Sunday December 21, 2014

Article of the Month

Gifts of Pass-Through Business Interests


A charitable gift of a business interest can make a wonderful gift to charity. At the same time, however, business entities that are subject to pass-through taxation, such as partnerships, S- corporations and limited liability companies (LLC) can create potential challenges. In the years to come, charities are likely to be presented with more and more opportunities to accept gifts of closely-held business interests, including gifts of a "membership interest" in an LLC where the LLC has made the election with the IRS to be taxed as a partnership.

LLCs are popular because they afford the owners, typically called "members," the same limited liability protection that C-corporations provide to shareholders while also offering the favorable pass-through taxation that a partnership affords to its partners. A donor interest in a closely-held business, such as an LLC, S-corporation or partnership, may have significantly appreciated in value. As such, it is important for donors, their professional advisors and recipient charities to be acquainted with the complexities and challenges of such gifts.

Pass-Through Nature of Partnerships

LLCs, S-corporations or partnerships are pass-through entities that differ from C-corporations because the business does not pay tax at the entity level. Instead, the owners of these pass-through business entities must include their share of the pass-through entities' income, gain, losses, deductions and credits on their individual income tax returns - even if the business income isn’t actually distributed to the business owners. This is called “pass-through” taxation because the business entity “passes” its income, gain, losses, deductions and credits “through” to the persons who own the business. LLCs, S-corporations and partnerships are the most common types of pass-through entities and they elect this pass-through treatment by making an election with the Internal Revenue Service.

With typical pass-through entities, each LLC member, S-corporation shareholder and, in the case of many partnerships, each partner shares in the profits and losses of the business. In addition, many closely-held businesses have debt that has been guaranteed by the owners of the business. As discussed below, this has important implications when the business owner transfers their ownership interest in the company in cases where there is relief from indebtedness. Under Sec. 741, the ownership interest in these entities is considered a capital asset, so any sale or exchange of that interest will produce gain from the sale of a capital asset.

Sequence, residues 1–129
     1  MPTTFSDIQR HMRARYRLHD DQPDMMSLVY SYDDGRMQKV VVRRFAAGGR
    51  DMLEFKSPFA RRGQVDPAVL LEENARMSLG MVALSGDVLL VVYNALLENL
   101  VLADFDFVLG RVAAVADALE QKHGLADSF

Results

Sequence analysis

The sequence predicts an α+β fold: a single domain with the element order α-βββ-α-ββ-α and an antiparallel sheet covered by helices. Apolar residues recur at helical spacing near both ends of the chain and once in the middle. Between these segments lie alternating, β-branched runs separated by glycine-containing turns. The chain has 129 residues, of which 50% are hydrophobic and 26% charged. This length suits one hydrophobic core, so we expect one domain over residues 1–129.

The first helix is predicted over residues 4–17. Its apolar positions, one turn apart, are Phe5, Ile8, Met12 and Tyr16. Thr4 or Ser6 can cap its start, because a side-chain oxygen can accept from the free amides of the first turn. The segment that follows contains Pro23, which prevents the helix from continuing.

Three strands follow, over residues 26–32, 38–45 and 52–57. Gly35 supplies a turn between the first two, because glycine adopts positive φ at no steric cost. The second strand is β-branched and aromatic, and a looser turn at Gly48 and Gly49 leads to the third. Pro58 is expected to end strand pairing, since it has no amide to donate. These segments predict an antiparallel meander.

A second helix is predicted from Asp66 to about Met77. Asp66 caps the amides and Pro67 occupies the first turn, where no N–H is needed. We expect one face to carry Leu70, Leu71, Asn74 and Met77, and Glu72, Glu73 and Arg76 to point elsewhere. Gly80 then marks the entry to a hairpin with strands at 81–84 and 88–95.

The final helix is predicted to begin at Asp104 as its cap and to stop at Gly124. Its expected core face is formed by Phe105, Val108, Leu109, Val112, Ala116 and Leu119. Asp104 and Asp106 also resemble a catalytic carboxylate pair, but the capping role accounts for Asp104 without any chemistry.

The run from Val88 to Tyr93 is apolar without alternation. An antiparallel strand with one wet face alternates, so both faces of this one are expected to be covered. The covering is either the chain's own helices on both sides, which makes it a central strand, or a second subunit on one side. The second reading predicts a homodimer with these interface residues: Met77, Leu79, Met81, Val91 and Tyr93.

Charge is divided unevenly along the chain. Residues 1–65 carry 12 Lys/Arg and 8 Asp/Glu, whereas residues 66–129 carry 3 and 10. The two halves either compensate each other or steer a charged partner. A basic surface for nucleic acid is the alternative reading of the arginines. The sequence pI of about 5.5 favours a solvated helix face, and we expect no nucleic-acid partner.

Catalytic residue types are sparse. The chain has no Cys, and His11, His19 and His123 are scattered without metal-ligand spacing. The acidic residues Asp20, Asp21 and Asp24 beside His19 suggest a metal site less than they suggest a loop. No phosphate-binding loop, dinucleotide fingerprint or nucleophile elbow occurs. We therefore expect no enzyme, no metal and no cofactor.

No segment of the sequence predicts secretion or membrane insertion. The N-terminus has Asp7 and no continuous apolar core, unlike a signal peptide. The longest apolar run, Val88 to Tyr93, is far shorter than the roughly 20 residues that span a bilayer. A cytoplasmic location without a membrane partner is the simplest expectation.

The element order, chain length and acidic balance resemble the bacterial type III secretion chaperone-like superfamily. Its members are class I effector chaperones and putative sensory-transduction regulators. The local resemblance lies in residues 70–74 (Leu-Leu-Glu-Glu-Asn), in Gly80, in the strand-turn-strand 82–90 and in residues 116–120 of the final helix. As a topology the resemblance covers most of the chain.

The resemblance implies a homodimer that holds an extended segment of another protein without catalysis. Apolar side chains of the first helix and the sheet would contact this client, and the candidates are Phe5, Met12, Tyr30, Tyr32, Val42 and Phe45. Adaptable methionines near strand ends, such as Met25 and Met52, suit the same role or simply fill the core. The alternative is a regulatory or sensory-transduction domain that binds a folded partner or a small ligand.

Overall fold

Overview of a Partnership Interest

Closely-held business interests are made up of several elements. These elements include the owner's basis in the interest, capital gain, ordinary gain, and then the allocated portion of any expenses and losses of the partnership. One other element that may be present in the case of a closely-held business owner, where the owner does not materially participate in the trade or business of the partnership (such as most rental activities), are passive activity losses. These passive activity losses are lost to the extent they are allocated to a gift.

Most partners will have an adjusted basis in their partnership interest. In addition, the partnership may own items that, if sold, would produce ordinary income. Such items would include unrealized receivables, inventory or recapture of accelerated depreciation. Sec. 751. The interest will also consist of capital appreciation in the form of long-term capital gain. Finally, the interest may consist of debt that would be treated as an amount realized if transferred to charity.

Example of George and Lucille

George and Lucille collectively own 50% in TBA, LLC, a pass-through entity which is taxed as a partnership. The approximate value of their interest is $1 million. Their adjusted basis in their interest is $200,000. George and Lucille have personally guaranteed a loan to the company in the amount of $100,000 and pledged their LLC interest as collateral to the lender. In addition, their share of the company's ordinary income assets in the form of inventory, receivables and recapture of accelerated depreciation is $50,000. George and Lucille's tax advisor, Tobias, has advised them that they need to find tax savings to offset taxes owed from an unrelated transaction. Accordingly, George and Lucille want to make a gift of their interest in TBA, LLC to their favorite charity.